04 Apr Capital 19 Catch-Up
Weekly Index Movement
Aussie All Ords +1.2%
Well, that was a super-volatile week but when the dancing was over and the lights came on, the major indexes finished around flat If you hit the snooze button last weekend and woke up this weekend, you really didn’t miss much.
Unless you’re into home builders, which we are not. Higher interest rates are crushing their souls. The SPDR Homebuilders fund (XHB) is down 26% year to date (vs a 4.6% decline of the S&P 500), giving some observers the sense that the economy is slowing down on the edges.
The first quarter of 2022, which ended Thursday, was a drag, with the DJIA down 4% and the Nasdaq 100 down 9%.
The growth half of the S&P 500 (IVW) fell 6.6% in the first quarter while the value half (IVE) fell just 0.3%. That is a massive differential in favor of value.
The mega-caps with the fattest dividend yields (DVY) actually rose 5.25% in the first quarter. … And the similar SPDR S&P 500 High Dividend fund (SPYD) rose 6.7% in the quarter, only nicking the zero line briefly on three days in the three month span.
The bounce in stock prices in the second half of March surprised just about everyone.
It might seem strange for stocks to be climbing higher with inflation raging, interest rates soaring, a war in Ukraine and the pandemic still killing 1,000 people a day. But big stock market moves are about changes in the narrative.
Many professional money managers feel they are being pulled into stocks by default. Bonds are in a bear market as interest rates rise. With high single-digit inflation, the return on cash is negative. It makes sense that stocks with hefty dividend yields and excellent growth rates are in high demand.
With inflation running rampant investors are forced to put their capital to work, just to keep pace with inflation.
The lastest Australian inflation figure was +6.2% so unless you are generating a return of over 6% per year, you are losing future purchasing power. Or, you could say you are guaranteeing a loss of 6% if you leave your money in cash verses the chance of making a positive return if you put it to work in the markets.
But where do you put it to work? You don’t want bonds because bond prices drop as interest rates rise. You could purchase real estate but right now feels like the top of that market. Which pretty much only leaves stocks.
Which stocks do you buy, well, you play it safe and buy big companies that pay consistent dividends because those dividends mean the stock prices show more stability than other sectors.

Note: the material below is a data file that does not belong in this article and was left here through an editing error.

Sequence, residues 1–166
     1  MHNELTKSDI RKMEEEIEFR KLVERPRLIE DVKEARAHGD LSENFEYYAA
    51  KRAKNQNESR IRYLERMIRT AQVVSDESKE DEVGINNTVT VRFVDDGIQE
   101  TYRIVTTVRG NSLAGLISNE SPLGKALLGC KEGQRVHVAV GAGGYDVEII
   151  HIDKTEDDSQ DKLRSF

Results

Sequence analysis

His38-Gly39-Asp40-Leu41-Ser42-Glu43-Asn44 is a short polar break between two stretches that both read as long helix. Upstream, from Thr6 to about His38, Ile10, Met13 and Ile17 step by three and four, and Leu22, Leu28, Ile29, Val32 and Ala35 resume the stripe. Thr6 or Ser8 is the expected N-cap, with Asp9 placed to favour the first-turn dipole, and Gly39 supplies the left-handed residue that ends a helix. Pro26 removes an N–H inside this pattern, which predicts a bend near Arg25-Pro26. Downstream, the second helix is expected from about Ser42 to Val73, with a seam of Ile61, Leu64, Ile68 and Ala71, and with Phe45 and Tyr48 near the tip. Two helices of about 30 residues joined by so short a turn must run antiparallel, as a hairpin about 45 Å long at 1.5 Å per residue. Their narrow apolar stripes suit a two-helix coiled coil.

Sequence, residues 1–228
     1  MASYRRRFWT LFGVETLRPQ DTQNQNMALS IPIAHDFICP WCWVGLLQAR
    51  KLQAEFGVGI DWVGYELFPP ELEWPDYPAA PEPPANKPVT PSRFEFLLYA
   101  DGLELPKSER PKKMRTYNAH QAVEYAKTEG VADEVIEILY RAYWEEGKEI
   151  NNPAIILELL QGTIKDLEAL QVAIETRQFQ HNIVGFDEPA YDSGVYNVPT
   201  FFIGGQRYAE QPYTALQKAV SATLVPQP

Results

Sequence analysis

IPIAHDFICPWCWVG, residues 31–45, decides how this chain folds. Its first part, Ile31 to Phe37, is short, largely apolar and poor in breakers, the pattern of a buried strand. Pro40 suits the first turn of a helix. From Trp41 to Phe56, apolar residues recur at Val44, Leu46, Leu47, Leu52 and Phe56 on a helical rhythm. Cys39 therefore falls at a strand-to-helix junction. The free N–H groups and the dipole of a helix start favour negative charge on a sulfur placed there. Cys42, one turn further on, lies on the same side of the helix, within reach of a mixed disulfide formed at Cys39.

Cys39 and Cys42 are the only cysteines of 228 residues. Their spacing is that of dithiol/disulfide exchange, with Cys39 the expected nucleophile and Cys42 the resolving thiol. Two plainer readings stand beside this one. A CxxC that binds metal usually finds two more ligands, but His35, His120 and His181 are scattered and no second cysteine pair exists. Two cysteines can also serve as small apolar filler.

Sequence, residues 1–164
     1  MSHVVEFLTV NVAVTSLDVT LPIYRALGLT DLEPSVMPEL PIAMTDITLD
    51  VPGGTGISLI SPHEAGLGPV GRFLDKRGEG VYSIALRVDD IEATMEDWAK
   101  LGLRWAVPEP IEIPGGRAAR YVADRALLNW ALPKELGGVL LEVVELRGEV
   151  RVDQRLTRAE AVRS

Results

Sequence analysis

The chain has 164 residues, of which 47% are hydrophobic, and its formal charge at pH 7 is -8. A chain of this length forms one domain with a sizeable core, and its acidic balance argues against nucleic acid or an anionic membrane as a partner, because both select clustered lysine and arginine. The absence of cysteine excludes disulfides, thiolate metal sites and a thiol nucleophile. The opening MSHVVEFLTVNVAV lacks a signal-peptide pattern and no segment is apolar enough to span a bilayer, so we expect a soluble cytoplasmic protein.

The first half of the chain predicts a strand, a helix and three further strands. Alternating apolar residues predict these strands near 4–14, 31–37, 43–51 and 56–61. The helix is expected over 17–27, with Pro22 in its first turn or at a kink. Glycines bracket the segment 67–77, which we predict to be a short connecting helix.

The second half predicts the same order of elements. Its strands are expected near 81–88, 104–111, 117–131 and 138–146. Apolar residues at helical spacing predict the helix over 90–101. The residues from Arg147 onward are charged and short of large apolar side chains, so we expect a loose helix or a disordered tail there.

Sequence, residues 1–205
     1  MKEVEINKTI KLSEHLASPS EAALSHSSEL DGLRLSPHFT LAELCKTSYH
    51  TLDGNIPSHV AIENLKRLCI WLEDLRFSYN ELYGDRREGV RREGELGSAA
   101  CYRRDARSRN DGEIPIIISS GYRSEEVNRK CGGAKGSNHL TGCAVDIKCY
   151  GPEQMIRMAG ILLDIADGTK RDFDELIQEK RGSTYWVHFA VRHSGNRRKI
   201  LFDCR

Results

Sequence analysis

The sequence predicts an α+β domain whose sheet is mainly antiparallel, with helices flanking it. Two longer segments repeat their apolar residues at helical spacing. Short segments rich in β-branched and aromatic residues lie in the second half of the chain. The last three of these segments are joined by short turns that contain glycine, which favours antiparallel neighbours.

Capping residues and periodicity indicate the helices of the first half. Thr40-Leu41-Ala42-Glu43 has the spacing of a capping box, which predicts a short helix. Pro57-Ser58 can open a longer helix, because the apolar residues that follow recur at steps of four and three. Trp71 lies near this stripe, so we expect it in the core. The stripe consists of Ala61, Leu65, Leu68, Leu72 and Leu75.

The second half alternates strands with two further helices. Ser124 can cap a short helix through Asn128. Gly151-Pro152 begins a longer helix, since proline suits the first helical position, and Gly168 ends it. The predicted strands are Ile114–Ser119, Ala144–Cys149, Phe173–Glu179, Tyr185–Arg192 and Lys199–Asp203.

And that narrative is exactly what investors have been doing in 2022.
Which is why we thought we would highlight two Australian dividend opportunities for you.
In other news, oil fell below the psychological $100 per barrel as the International Energy Agency member states prepare to discuss releasing oil from emergency reserves, following in the footsteps of the US, which plans to release 1 million barrels a day for six months.
It sounds like we might have seen the peak oil price for the short-term future. But oil isn’t going back to $60 a barrel, no matter how many reserves they release.
The fact is, world oil demand has not changed. But by taking Russian oil away there is less supply. Very basic economics says the Oil price will increase. We probably have a war premium built into the current price but higher oil prices are here to stay.
That is why we continue to favour the Energy sector.
The US released employment numbers on Friday, and although they were not as positive as expected, the unemployment rate still dropped to 3.6% in March after falling to 3.8% in February. This is among the lowest readings in the last 60 years.
Looking inside this report, wages growth caught our eye. The March annual wage growth came in at +6.7%. The last time wage growth was this high was in the 1970s/early 1980s.
What this means is – the economy is running so strongly that even as more people join the labour force, the incremental supply of labour is still insufficient to satisfy demand and wage pressure remains.
Which helps to explain why stock prices continue to rise.
Q1 earnings report season starts next week, and the good news is that Wall Streets analysts are (again) too pessimistic.
They think the S&P500 index will earn $52 per share. They are wrong.
Last year, earnings grew every single quarter, from $49/share in Q1 to $55/share in Q4
Quite why the analysts think earnings have dropped from $55/share down to $52/share in this most recent quarter baffles us.
The employment and GDP numbers show the strength of the economy and inflation is actually good for earnings power at large companies.
Our bet is earnings surprise to the upside once more this season and stock prices will continue to march higher. (At least large caps, small caps have a few more hurdles to clear.)
In the week ahead, the market is in the lull ahead of the next earnings season. There is little on the economic calendar, but investor focus will be heavily on the Federal Reserve’s minutes from its last meeting, expected Wednesday. That was the meeting where the central bank raised interest rates for the first time since 2018, and investors will be watching for any clues from the Fed about when it might start to unwind its balance sheet, another form of policy tightening
Employees of Capital 19 presently own shares of the companies mentioned in this report.
Stock values can go down as well as up. It is possible to lose 100% of your investment in a stock. Any advice given by Capital 19 is general advice only and does not take your personal circumstances into account.